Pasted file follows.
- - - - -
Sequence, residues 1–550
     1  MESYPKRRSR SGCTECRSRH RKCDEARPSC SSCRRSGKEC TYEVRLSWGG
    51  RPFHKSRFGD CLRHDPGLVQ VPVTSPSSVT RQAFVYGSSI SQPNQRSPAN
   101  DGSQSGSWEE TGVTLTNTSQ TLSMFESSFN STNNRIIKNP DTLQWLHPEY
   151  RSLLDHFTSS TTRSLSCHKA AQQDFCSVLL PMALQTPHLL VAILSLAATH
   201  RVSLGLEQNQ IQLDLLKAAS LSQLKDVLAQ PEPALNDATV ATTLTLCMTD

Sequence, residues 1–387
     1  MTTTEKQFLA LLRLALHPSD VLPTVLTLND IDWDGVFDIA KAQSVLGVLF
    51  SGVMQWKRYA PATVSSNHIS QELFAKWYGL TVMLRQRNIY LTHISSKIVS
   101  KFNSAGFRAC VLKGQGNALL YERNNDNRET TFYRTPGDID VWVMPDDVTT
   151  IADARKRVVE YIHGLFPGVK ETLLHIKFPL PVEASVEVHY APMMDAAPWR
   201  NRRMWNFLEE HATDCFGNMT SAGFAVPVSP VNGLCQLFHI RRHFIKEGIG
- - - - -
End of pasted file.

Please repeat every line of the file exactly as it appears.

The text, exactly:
Sequence, residues 1–550
     1  MESYPKRRSR SGCTECRSRH RKCDEARPSC SSCRRSGKEC TYEVRLSWGG
    51  RPFHKSRFGD CLRHDPGLVQ VPVTSPSSVT RQAFVYGSSI SQPNQRSPAN
   101  DGSQSGSWEE TGVTLTNTSQ TLSMFESSFN STNNRIIKNP DTLQWLHPEY
   151  RSLLDHFTSS TTRSLSCHKA AQQDFCSVLL PMALQTPHLL VAILSLAATH
   201  RVSLGLEQNQ IQLDLLKAAS LSQLKDVLAQ PEPALNDATV ATTLTLCMTD

Sequence, residues 1–387
     1  MTTTEKQFLA LLRLALHPSD VLPTVLTLND IDWDGVFDIA KAQSVLGVLF
    51  SGVMQWKRYA PATVSSNHIS QELFAKWYGL TVMLRQRNIY LTHISSKIVS
   101  KFNSAGFRAC VLKGQGNALL YERNNDNRET TFYRTPGDID VWVMPDDVTT
   151  IADARKRVVE YIHGLFPGVK ETLLHIKFPL PVEASVEVHY APMMDAAPWR
   201  NRRMWNFLEE HATDCFGNMT SAGFAVPVSP VNGLCQLFHI RRHFIKEGIG